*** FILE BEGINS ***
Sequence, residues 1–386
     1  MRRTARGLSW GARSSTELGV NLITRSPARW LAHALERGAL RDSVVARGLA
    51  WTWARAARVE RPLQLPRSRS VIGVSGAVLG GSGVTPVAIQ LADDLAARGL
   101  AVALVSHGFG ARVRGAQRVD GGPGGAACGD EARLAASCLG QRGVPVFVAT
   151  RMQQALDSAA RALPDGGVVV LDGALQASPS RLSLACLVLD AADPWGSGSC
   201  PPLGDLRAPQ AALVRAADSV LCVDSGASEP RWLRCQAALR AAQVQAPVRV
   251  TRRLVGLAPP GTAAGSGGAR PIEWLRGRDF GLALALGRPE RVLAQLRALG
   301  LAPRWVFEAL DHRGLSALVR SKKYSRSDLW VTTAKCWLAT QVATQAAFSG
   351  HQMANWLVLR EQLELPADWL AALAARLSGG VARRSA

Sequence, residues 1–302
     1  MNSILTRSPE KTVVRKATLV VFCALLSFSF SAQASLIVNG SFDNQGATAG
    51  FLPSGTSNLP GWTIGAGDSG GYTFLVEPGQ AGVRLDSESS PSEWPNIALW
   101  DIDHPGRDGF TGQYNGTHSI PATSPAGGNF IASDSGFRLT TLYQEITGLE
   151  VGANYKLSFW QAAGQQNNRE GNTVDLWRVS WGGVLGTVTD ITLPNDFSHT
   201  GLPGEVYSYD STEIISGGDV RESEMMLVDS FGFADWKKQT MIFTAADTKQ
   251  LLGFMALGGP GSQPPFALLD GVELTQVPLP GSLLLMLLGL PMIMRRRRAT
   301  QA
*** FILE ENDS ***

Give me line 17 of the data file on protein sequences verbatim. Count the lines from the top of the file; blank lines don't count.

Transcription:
   301  QA